False imprisonment is "a deprivation of a person's liberty without justification."  Caldwell v. K-Mart Corp., 306 S.C. 27, 30, 410 S.E.2d 21, 23 (Ct. App. 1991).  An action for false imprisonment may not be maintained when the plaintiff was arrested by lawful authority.  Gist v. Berkeley County Sheriff's Dep't, 336 S.C. 611, 615, 521 S.E.2d 163, 165 (Ct. App. 1999).

The fundamental issue in determining the lawfulness of an arrest is whether the officer had "probable cause" to make the arrest.  Id.  The arrestee has the burden of demonstrating a lack of probable cause.  Jackson v. City of Abbeville, 366 S.C. 662, 666, 623 S.E.2d 656, 658 (Ct. App. 2005).  "Probable cause turns not on the individual's actual guilt or innocence, but on whether facts within the officer's knowledge would lead a reasonable person to believe the individual arrested was guilty of a crime."  Id.  Although the question of whether probable cause exists is ordinarily a jury question, it may be decided as a matter of law when the evidence yields but one conclusion.  Parrott v. Plowden Motor Co., 246 S.C. 318, 323, 143 S.E.2d 607, 609 (1965).

An eyewitness identification constitutes sufficient probable cause "unless . . . there is an apparent reason for the officer to believe that the eyewitness 'was lying, did not accurately describe what he had seen, or was in some fashion mistaken regarding his recollection of the confrontation.''' Ahlers v. Schebil, 188 F.3d 365, 370 (6th Cir. 1999) (internal citations omitted); see also Torchinsky v. Siwinski, 942 F.2d 257, 262 (4th Cir. 1991) ([I]t is difficult to imagine how a police officer could obtain better evidence of probable cause than an identification . . . by a victim, unless, perchance, the officer were to witness the crime himself.").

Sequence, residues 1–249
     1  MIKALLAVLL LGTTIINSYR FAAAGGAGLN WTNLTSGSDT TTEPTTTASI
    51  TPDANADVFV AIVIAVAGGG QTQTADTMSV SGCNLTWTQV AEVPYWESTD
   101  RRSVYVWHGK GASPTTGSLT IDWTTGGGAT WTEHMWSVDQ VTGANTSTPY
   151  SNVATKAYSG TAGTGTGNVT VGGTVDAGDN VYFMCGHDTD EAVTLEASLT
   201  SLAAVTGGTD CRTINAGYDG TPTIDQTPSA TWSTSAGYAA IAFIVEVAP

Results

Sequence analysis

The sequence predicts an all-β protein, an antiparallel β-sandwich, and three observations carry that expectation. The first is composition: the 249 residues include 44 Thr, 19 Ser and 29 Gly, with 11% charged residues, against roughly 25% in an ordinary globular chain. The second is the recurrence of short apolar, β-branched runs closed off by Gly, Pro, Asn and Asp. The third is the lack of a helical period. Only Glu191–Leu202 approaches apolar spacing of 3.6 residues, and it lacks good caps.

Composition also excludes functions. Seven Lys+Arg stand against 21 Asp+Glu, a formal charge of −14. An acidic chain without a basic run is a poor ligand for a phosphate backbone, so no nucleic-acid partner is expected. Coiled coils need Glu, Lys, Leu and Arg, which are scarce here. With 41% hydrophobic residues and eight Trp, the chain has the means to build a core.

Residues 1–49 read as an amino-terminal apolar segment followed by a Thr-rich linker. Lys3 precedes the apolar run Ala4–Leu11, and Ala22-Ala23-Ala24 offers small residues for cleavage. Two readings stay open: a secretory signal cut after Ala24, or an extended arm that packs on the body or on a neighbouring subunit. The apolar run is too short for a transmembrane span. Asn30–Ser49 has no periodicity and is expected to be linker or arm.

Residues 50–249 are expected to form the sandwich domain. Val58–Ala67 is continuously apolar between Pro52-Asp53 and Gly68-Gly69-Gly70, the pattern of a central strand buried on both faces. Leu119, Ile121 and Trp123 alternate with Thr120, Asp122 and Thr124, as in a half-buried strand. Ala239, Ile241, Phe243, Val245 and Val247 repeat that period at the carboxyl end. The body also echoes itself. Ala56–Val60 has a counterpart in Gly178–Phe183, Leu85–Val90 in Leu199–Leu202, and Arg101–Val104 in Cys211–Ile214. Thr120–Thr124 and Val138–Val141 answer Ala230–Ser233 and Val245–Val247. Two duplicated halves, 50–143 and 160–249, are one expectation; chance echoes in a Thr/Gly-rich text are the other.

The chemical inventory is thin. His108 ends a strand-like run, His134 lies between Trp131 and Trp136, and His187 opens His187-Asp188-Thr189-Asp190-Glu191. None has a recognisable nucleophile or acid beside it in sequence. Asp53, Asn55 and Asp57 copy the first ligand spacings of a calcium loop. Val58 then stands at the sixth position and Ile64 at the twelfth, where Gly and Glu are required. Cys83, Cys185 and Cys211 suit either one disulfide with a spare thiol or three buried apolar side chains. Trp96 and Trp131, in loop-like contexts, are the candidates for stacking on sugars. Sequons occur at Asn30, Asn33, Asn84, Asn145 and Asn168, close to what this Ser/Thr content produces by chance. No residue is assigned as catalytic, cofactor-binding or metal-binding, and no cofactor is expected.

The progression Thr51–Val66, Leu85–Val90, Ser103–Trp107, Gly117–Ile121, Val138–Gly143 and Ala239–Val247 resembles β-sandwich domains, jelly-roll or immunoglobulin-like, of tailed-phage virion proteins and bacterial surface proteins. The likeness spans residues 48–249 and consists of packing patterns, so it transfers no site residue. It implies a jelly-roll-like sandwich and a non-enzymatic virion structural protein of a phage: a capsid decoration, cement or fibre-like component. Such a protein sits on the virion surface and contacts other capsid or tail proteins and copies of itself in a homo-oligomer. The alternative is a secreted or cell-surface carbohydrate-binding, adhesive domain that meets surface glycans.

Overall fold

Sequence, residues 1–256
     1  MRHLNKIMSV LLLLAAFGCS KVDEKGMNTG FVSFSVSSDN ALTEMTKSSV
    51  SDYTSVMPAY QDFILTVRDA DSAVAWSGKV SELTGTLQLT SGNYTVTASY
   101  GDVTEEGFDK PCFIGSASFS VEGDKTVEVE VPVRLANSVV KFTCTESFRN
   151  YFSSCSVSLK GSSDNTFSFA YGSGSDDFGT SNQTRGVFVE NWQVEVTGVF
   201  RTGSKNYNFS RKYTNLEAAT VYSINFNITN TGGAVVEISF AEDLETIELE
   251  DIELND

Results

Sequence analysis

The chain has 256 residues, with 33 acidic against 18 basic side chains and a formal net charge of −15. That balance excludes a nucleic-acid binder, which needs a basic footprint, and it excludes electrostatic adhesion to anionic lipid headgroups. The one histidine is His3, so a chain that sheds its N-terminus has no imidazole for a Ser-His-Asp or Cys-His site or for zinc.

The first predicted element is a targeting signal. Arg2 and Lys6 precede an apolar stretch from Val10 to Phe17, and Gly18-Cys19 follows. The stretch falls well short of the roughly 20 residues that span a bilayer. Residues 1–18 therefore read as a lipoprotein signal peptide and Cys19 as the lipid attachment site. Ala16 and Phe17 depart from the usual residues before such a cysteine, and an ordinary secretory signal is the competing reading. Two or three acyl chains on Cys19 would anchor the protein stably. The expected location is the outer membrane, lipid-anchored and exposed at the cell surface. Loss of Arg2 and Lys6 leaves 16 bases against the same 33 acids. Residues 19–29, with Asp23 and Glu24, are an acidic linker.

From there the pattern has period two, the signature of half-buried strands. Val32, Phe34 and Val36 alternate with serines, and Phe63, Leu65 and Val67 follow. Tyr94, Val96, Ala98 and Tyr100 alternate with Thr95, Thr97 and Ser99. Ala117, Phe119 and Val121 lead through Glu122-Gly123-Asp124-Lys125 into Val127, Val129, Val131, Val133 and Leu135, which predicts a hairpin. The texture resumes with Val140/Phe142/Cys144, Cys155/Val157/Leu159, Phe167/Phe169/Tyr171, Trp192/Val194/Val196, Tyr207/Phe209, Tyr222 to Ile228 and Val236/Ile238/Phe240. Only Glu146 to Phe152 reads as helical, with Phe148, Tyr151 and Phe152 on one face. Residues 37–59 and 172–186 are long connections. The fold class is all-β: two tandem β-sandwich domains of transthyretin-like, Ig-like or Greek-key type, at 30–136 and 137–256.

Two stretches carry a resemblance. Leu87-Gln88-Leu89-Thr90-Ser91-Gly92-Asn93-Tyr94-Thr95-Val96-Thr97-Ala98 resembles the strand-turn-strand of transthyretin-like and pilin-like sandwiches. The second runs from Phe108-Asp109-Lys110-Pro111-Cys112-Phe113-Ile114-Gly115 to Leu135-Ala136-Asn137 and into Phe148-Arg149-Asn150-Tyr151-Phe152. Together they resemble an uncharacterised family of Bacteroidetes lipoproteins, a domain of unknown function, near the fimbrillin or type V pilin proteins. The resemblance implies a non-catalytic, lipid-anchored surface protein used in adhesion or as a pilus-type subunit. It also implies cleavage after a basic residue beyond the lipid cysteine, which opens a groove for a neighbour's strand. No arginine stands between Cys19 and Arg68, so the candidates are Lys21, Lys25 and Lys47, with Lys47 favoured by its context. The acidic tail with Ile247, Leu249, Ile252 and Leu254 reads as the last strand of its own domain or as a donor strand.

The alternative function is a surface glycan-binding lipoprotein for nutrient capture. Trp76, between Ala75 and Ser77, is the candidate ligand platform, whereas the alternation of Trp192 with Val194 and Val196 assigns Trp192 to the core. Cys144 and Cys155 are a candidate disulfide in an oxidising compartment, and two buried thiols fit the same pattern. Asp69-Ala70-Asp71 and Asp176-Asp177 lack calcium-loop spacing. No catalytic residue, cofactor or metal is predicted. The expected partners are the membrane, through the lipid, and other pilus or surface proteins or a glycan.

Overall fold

Here, Atkins obtained an arrest warrant after Thomas, a victim, identified Nelson Padgett from a photo lineup.  This identification alone provided sufficient evidence of probable cause unless Atkins had reason to believe Thomas was lying, did not accurately describe what she witnessed, or was mistaken regarding her recollection of the robbery.  Here, the record contains  no evidence of Thomas's unreliability.  In fact, Thomas testified she was "very positive" Nelson Padgett was the man who robbed her. 

Nelson Padgett's contention that testimony conflicted as to whether Williams told Atkins she saw Samuel Padgett with "Ned" or "Nelson" on the night of the robberies is without merit.  The record reflects the testimony was not inconsistent.  Atkins testified either Williams or Wells stated "Ned" or "Nelson" was with Samuel Padgett on the night of the robberies.  He added, "I know [Wells] for sure said Nelson."

AFFIRMED.[1]

KONDUROS and LOCKEMY, JJ., and GOOLSBY, A.J., concur.


[1] The City also argues it is immune from liability under the South Carolina Tort Claims Act.  Because we are affirming on other grounds, we do not address this issue.  Futch v. McAllister Towing of Georgetown, Inc., 335 S.C. 598, 613, 518 S.E.2d 591, 598 (1999) (holding an appellate court need not review remaining issues when its determination of a prior issue is dispositive of the appeal).